SANTA ANA (AP) — The jails in Riverside County east of Los Angeles were finally catching up with the region’s rapid growth when state lawmakers passed legislation that assigned thousands of inmates who would have gone to prison to their local lock-ups instead.

Sheriff Stan Sniff says in the past five months the county has released 1,500 other offenders early to make room.

For more than half of California’s 58 counties, that situation is compounded by prior court-ordered caps on their jail populations.

Since the law took effect Oct. 1, there have been several instances of released inmates committing new offenses and anecdotal reports of rising property crimes.

But law enforcement agencies say it’s too soon to tell if those cases equal a trend and the full picture probably won’t emerge for a year.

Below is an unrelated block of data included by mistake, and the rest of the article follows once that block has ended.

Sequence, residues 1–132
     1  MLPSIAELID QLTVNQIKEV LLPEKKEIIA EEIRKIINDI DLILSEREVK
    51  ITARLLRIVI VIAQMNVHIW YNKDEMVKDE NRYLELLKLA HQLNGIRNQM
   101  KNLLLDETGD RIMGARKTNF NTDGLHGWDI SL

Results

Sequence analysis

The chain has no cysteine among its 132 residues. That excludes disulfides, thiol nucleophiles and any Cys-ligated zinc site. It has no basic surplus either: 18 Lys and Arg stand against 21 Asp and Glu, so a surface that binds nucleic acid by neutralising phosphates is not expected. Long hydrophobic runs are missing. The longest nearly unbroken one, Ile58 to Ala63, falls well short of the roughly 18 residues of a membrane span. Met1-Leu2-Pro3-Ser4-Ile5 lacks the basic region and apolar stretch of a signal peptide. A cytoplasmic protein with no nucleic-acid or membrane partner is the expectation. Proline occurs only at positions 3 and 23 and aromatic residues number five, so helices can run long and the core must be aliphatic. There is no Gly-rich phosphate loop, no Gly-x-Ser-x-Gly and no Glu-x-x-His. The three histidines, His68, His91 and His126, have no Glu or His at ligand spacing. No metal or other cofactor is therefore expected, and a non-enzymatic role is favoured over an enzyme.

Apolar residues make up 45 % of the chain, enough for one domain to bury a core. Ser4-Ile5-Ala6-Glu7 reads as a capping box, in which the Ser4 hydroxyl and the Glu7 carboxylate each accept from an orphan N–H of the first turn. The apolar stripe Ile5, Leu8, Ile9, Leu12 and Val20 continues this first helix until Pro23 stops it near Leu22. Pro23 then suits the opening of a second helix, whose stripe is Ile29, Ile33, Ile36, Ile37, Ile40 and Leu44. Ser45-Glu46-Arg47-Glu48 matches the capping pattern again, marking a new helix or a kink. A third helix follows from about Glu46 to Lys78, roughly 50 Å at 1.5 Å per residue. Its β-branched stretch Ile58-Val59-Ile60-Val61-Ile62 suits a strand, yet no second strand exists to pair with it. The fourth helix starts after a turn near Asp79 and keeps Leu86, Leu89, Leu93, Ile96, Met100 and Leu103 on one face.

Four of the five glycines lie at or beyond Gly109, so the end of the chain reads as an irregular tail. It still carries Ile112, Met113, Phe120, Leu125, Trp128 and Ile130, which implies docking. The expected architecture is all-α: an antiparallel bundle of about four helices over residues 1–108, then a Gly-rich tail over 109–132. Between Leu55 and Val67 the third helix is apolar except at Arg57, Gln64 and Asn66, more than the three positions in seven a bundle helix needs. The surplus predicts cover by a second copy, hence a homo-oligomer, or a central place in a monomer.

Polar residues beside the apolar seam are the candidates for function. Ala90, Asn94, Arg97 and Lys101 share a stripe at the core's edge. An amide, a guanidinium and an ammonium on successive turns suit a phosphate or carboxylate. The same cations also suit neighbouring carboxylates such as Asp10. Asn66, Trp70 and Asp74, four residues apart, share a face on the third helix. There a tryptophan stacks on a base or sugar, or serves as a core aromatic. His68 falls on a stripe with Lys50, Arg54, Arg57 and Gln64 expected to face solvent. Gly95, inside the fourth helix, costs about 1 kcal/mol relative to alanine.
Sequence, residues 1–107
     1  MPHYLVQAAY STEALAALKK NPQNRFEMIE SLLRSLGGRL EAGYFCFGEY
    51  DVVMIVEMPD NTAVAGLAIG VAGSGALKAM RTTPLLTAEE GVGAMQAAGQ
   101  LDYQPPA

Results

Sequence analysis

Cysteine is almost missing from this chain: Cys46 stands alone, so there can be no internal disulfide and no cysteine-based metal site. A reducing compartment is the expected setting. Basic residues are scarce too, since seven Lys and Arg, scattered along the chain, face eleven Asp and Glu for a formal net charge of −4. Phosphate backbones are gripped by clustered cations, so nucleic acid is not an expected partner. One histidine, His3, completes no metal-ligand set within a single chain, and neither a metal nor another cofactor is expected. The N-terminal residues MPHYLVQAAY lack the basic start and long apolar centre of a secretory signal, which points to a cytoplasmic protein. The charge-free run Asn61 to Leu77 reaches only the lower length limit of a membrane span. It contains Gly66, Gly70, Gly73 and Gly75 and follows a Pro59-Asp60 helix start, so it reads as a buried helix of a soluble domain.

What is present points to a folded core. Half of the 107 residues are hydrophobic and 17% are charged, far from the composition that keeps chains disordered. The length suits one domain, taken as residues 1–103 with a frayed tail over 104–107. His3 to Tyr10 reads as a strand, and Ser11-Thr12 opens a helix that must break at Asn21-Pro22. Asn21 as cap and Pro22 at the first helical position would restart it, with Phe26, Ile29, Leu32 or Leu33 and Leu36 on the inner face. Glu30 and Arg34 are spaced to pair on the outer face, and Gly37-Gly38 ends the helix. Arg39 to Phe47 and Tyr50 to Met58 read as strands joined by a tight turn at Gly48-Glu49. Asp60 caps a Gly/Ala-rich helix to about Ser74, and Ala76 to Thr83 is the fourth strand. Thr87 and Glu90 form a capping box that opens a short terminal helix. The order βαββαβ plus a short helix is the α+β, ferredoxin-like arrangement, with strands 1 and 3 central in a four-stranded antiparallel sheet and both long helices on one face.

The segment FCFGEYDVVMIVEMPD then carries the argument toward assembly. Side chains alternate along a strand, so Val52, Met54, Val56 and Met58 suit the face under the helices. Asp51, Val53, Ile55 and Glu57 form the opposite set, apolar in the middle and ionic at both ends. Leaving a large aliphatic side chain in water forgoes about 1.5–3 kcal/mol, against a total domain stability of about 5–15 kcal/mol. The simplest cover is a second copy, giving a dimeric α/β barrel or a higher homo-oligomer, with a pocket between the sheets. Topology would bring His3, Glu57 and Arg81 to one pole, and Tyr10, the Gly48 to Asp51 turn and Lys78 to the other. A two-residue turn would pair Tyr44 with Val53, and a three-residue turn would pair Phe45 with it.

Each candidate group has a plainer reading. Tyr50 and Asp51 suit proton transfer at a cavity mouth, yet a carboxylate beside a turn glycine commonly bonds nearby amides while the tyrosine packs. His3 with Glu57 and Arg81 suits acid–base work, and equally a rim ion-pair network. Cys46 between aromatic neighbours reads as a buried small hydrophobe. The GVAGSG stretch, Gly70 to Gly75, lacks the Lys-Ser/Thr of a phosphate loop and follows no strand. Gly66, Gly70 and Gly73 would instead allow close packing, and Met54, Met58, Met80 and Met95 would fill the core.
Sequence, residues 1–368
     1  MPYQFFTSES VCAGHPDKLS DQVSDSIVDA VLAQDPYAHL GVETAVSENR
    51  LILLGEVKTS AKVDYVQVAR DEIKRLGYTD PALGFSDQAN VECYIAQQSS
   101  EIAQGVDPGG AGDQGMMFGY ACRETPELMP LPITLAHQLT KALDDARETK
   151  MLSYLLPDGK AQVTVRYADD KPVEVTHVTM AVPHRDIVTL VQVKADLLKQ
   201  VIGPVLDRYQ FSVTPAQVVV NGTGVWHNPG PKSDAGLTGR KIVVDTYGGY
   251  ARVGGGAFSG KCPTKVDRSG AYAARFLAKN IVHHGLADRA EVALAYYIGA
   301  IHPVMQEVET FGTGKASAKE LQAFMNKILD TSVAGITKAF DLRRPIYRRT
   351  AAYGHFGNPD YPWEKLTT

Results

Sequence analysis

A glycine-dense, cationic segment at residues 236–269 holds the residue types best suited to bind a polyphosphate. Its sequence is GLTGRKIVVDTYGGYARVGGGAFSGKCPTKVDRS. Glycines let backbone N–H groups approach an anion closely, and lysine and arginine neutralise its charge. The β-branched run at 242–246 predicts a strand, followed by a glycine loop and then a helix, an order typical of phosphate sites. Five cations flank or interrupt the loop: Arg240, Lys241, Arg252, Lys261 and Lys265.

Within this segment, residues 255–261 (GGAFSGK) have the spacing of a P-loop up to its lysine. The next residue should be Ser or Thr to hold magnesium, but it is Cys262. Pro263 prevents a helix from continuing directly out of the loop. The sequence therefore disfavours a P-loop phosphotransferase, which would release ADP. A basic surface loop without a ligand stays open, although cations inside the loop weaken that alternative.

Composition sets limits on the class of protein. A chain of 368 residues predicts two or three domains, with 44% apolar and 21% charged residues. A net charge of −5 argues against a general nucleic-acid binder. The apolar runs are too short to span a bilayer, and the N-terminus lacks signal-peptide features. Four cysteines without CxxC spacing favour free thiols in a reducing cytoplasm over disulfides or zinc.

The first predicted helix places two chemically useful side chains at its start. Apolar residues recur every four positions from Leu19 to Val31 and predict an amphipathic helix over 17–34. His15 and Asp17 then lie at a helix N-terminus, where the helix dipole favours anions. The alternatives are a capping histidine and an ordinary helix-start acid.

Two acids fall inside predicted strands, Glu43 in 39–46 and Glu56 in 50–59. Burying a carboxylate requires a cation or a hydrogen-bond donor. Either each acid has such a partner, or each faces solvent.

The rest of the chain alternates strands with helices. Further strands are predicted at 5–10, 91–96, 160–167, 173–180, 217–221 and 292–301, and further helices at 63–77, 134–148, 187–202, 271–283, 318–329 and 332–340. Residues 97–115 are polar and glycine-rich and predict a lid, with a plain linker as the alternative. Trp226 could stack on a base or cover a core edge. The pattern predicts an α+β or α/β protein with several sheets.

(© Copyright 2012 The Associated Press. All Rights Reserved. This material may not be published, broadcast, rewritten or redistributed.)

Comments (2)

Leave a Reply

Please log in using one of these methods to post your comment:

Google+ photo

You are commenting using your Google+ account. Log Out /  Change )

Twitter picture

You are commenting using your Twitter account. Log Out /  Change )

Facebook photo

You are commenting using your Facebook account. Log Out /  Change )


Connecting to %s

More From CBS Los Angeles

Weather Team
Goldstein Tipline

Watch & Listen LIVE